Thursday, March 7, 2013


So this is what the 100th post looks like. I started this blog so that I could participate in the chemblog culture that flourished back in the early days. I wanted to be anonymous for a number of reasons mostly having to do with my students. Anonymity on the web is of course a delusion (or illusion) as many of the anonymous chembloggers found out. If anything, the anonymity was a paper wall kept intact by an honour system more than anything else.

I made the trek back to my alma mater today and came across my first research lab. 

It was 1982 and the departmental Synthetic Main Group research group had suffered a string of unfortunate explosions the most recent one had mangled the fingertips of the senior graduate student and they needed "a pair of hands" to continue the work. I was the undergraduate student with the highest marks in inorganic chemistry and was offered the job. They had a small lab filled with debris and my first job was to clean it out. That first day I was told to wash out a rack of dirty 1 liter flasks left by a post-doc. I remember one flask went into the sink of hot soapy water and started to hiss and I immediately ducked below the edge of the sink just before a resounding boom that brought the entire floor to the door.

It turned out I had an aptitude for the work and six years later I would have my PhD.

My PhD supervisor is in the process of shutting down. A lifetime of paper, equipment and chemicals must be processed, disposed, stored or given away. I thought I would be more nostalgic than I was even when I looked through the doorway of my old lab and saw back thirty years. I did not even take the chance to pick up a souvenir.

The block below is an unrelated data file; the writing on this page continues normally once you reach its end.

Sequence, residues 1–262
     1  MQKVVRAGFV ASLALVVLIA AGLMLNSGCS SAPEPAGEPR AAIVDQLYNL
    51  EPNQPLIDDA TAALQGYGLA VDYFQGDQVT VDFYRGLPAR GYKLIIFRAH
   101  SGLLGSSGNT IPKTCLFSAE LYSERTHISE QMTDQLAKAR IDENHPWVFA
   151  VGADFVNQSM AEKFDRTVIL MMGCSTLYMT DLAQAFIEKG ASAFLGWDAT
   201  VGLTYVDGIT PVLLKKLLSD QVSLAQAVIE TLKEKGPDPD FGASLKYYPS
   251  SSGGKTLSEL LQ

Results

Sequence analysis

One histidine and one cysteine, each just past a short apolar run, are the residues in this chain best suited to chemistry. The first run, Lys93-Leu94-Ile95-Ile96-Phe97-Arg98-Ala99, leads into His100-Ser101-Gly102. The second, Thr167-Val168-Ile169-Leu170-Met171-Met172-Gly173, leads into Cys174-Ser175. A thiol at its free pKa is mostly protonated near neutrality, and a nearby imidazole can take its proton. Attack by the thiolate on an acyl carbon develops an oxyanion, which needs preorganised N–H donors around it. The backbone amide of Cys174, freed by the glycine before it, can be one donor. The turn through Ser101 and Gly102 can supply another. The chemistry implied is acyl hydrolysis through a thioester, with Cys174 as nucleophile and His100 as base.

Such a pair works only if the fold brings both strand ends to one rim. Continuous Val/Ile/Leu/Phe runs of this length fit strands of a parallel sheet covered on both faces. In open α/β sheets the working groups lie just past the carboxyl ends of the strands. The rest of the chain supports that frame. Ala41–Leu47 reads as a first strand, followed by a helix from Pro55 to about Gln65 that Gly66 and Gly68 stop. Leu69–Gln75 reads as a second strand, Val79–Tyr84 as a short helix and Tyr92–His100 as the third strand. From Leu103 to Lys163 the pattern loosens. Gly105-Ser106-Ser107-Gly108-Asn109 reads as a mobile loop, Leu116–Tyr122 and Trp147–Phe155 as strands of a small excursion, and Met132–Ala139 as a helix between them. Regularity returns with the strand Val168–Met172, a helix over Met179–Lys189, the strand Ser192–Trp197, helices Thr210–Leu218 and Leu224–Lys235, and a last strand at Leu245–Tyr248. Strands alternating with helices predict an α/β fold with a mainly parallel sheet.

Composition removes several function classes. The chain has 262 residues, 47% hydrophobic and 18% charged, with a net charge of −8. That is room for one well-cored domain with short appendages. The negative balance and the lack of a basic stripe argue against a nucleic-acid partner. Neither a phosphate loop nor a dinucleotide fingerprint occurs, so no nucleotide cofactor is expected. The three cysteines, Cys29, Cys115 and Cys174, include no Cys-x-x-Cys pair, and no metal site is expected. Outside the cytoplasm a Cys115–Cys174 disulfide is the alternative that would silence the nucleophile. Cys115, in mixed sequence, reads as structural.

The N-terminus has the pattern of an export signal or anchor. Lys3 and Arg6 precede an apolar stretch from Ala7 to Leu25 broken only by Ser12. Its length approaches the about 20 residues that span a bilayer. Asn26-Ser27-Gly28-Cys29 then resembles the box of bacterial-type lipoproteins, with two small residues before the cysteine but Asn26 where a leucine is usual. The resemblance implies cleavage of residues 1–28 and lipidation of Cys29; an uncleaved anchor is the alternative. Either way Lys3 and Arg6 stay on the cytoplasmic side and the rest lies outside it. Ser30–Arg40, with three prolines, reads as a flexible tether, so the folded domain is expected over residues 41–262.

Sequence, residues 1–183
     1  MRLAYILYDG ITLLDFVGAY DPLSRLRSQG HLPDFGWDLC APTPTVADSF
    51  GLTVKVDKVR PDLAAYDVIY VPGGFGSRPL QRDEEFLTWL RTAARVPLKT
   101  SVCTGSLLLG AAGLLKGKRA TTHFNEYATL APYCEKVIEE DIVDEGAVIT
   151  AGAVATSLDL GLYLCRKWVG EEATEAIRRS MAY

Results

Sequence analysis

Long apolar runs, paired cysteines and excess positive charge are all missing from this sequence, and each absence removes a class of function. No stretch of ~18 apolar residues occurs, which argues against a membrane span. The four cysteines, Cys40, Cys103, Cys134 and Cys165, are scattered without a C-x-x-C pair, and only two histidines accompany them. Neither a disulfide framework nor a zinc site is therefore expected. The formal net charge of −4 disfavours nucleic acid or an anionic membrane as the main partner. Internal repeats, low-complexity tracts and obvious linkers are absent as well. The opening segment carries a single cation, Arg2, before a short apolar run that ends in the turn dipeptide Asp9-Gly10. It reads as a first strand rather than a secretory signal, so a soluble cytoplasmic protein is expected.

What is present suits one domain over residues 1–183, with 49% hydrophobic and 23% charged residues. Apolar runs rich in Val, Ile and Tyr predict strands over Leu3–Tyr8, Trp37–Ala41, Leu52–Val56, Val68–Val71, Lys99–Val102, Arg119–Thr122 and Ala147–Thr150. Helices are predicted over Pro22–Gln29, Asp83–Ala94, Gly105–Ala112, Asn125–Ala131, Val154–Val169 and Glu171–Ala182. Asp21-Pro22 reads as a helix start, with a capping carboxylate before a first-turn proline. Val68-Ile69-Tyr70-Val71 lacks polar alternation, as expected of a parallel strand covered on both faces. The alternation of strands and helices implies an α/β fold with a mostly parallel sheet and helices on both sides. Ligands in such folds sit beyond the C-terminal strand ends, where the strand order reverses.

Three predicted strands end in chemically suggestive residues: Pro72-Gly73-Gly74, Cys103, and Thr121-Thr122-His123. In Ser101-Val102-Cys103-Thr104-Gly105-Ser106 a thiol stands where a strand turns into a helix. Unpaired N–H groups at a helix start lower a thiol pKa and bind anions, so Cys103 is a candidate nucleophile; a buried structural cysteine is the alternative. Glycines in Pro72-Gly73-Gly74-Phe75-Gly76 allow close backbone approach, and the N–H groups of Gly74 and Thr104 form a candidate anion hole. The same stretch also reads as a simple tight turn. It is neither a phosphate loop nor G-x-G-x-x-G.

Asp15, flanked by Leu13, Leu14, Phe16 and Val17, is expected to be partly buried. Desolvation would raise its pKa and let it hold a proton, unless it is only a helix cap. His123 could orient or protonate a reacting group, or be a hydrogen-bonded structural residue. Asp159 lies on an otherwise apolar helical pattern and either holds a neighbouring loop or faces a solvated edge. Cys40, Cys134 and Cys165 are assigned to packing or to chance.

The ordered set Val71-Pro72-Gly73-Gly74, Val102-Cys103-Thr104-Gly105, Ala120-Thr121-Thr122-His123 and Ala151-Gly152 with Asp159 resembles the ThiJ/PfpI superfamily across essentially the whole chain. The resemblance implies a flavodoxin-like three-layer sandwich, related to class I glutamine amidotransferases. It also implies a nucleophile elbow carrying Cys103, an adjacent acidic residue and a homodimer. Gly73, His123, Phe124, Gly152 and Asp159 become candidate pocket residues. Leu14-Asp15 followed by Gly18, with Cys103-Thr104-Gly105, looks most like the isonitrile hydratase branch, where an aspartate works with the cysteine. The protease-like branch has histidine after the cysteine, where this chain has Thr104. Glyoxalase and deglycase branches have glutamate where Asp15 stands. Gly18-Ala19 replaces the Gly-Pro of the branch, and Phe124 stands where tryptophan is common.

I guess I am in a mood to let things go. Live well.

Tuesday, March 5, 2013

How To Make Little Chemists

The webartist Gavin Aung Than draws the remarkable illustrated quote website "Zen Pencils" and today's selection was a quote from Canadian astronaut Chris Hadfield (link and link)(who admittedly has a fawning geek and nerd fanbase that has probably made him a little overexposed).

That said, Hadfield and the artist Than have combined to make a poster that should be in every classroom and beside every child's study desk (forget children, I'm putting it by my desk). When I first read it I was transported to the space under the basement stairs where the family let me set up my "lab" when I got my first chemistry set at the age of twelve.

My parents were survivors of the Depression, both orphaned by circumstance and forced to leave school into lives of grinding servitude and so they did not really understand my motivation or obsession. But they encouraged me and glory of glories they left me alone to discover the wonder of the set piece labs "from the book" but also the "off the book" labs that mostly made bad smells and nasty mixtures. Once in a while, however, something would work and I would ask "I wonder what that was?" which was followed by "where would I go to find out?". Now I know and the journey has fed my family, mowed my lawn and paid my bills and for that I am grateful to a family that gave me space to learn.

As I have said in the past "curiosity, nurtured by love, leads to the extraordinary"

The full artwork is well worth your time to have a look (link to artwork).

About Me

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For a while it was all about research and then it was all about teaching and now it's all about trying to find a balance while teaching at a small liberal arts and science university.